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Continuity and change? Six things to distinguish Amanda Pritchard’s leadership of the NHS


Congratulations to Amanda Pritchard on her appointment as Chief Executive of NHS England. While her predecessor has successfully led the health service through some of the greatest challenges in its history, she takes over with the NHS in a perilous state – still battling with a global pandemic and delivering its largest ever vaccination programme, with an exhausted workforce, rising waiting lists and increasing health inequalities. Faced with that to-do list, you may wonder why anyone would want to do the job.

Given the mammoth task ahead, how could Amanda approach her new role? What follows is my advice, offered with humility and respect to the size of the leadership task facing Amanda, and informed by our work across The King’s Fund, based on what we hear people in the system saying is wanted and needed right now.

Amanda brings continuity in the sense of her deep knowledge and management experience of the NHS, as well as understanding the current delivery and reform challenges. And indeed, that continuity is welcome as it will mean the system continues to deliver on the important agendas of integration, population health and inequalities set out by her predecessor, which together could really shift how the NHS delivers better health and better care for all. But alongside that continuity, I hope she will bring radical change to how to undertake her role.

So here are my six dos for the new Chief Executive:

  1. Do have a credible workforce plan. Without it, you don’t have a delivery plan for anything. Yes, it’s about the training pipeline, but just as critically it’s about the role of the NHS as an employer; making it both the best place to work and the place where people can bring their best selves to their jobs. Unfortunately, staff survey after staff survey tells us the NHS has a long way to go to tackle workplace bullying and harassment, and improve levels of stress and burnout.

  2. Do realise that letting go rather than holding on at the centre is the way to deliver transformation and improvement. It’s tempting to believe that tight central control is the way to ensure delivery – it’s what the NHS in recent history is used to. But it doesn’t work. Much better to create a clear sense of purpose and clarity on the desired outcomes, then unleash and support local teams to deliver to that purpose, learning from and supporting others across the country.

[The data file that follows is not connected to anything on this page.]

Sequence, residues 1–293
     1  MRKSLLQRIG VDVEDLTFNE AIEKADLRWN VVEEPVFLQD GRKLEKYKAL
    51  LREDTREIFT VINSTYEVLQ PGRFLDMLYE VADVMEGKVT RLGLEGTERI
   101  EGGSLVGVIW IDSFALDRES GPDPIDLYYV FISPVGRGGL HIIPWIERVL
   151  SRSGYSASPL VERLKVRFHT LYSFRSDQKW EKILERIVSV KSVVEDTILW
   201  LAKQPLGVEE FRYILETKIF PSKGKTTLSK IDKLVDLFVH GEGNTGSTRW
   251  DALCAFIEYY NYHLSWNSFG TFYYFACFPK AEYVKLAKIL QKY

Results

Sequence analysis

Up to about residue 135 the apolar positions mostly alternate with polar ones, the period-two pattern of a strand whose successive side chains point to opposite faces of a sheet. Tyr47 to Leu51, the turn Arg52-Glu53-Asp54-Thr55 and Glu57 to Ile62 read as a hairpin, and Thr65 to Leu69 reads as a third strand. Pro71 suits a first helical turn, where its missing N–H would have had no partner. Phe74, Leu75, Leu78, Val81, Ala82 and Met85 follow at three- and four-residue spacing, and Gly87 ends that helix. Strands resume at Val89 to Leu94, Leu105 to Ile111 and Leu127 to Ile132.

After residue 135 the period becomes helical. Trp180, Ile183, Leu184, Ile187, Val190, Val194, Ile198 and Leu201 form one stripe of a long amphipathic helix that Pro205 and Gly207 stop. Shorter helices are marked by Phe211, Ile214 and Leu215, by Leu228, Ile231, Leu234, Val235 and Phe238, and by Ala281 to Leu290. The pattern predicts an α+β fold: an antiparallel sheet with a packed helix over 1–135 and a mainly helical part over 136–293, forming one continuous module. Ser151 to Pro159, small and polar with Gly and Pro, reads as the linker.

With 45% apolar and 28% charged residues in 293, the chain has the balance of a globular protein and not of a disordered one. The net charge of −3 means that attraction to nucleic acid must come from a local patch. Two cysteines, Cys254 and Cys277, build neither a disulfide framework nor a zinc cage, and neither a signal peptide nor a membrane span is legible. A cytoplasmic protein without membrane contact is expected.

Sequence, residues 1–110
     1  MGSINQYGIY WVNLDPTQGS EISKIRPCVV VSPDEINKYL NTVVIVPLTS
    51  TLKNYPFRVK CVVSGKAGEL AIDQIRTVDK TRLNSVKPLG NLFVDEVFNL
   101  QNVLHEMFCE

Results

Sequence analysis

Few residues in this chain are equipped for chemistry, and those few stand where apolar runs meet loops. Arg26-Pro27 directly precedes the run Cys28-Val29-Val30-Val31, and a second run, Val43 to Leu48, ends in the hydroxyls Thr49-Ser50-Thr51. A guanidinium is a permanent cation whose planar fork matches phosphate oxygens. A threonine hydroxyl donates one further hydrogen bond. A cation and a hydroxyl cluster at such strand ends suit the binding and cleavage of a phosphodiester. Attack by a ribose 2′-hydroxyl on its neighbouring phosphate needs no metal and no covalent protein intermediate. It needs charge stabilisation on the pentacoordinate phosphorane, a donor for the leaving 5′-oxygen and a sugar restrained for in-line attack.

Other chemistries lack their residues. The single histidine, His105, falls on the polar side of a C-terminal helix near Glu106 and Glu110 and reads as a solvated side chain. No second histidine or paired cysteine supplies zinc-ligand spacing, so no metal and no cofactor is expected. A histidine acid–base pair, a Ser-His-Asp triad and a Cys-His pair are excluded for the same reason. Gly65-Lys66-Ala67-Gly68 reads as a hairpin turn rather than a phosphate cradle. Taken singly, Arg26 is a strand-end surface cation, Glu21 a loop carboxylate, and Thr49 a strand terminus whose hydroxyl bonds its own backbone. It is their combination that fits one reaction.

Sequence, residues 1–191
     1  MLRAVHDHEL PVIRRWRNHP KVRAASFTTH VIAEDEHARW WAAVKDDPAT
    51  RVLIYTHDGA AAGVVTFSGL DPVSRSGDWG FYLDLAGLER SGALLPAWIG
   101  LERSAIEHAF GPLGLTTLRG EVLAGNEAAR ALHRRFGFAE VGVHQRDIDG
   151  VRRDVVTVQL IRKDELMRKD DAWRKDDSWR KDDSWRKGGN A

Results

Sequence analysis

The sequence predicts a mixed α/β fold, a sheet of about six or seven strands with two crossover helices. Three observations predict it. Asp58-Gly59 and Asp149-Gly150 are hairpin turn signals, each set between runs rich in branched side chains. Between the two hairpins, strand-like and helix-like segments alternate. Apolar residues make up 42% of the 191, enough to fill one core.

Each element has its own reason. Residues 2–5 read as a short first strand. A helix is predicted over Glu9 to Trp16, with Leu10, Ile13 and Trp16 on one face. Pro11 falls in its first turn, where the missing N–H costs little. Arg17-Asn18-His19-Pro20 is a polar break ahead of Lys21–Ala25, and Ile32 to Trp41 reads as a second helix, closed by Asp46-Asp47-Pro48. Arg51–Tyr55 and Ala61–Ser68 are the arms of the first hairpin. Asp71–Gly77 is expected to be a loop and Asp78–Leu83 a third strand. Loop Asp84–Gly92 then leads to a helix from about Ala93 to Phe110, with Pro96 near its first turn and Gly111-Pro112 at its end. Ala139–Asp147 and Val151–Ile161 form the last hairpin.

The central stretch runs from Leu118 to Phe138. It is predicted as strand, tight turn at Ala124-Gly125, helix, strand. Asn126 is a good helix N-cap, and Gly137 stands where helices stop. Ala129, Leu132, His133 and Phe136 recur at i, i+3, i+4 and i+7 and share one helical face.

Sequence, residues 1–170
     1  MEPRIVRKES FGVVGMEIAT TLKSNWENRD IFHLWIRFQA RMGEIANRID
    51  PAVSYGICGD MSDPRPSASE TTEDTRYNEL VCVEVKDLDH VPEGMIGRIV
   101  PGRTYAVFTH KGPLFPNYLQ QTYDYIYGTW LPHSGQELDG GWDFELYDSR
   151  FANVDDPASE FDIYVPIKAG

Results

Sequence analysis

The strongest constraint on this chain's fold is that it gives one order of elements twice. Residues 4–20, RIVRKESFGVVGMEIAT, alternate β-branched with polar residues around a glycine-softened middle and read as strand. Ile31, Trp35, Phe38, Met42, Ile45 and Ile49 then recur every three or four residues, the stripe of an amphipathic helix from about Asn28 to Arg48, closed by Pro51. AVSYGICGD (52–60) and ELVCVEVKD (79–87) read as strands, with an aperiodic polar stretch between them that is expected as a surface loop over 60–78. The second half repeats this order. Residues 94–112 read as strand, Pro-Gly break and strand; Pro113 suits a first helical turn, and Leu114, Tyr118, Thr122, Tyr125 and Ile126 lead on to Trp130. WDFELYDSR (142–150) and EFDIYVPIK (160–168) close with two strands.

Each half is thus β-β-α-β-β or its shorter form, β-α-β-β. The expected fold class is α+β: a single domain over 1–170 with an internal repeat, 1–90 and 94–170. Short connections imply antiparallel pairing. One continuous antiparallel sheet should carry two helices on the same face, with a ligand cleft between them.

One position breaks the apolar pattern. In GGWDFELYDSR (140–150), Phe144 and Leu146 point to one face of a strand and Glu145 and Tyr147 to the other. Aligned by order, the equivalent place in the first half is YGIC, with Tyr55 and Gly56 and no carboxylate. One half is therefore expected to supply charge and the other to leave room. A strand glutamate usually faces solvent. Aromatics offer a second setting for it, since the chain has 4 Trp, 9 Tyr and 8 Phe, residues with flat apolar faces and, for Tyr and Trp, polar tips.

3. Do recognise that although you are now the leader of the biggest cog in the health and care system, even the biggest cog relies on smaller – and the smallest – cogs to work. So, ensure you and your colleagues partner well with other players in the system – be that local government, the voluntary sector, public health teams, social care providers, patients and communities, and commercial partners. As the past 18 months has shown, these partnerships are crucial to the work of the NHS.

  4. Do be realistic about the pace of recovery and transformation. There will be enormous pressure on you to perform a miracle with waiting lists. The staff in the NHS are amazing, but they are now exhausted, and the miracle cupboard is looking bare. Recovery will take time, perseverance and patience. It will take honesty with government and the public about what they can expect to see and how quickly. Welcoming, listening and acting on what you hear from the system, will help you speak truth to those in power around and above you.

  5. Do recognise that the culture in some parts of NHS England currently does not align well with the future vision for collaboration and locally led change– and act to change it. An organisational restructure in the system requires a cultural change in the national body too. And let us be frank, parts of NHS England are seen to have a toxic culture, both by the people who work there and by those who work with it. Unless significant focus is giving to helping those in NHS England to be confident in the new behaviours the system will need to model, the vision for the new NHS will fail.

  6. Do listen to the people and communities you are serving, work with them, and act on what you hear. This is essential to ensuring the NHS does its job well. This especially means reaching into communities the NHS has not always traditionally listened to. Without a change in the relationship between the institution of the NHS and the communities it is here to support, heath inequalities will continue in our society.

And finally, the key to achieving these priorities will be collective and compassionate leadership, utilising the skills, commitment and energy from all staff as a whole rather than relying on heroic leadership. The new Chief Executive can help transform the culture of the service through her own practice of collective leadership – with a system full of people who stand ready to help, support and lead in the months and years ahead.

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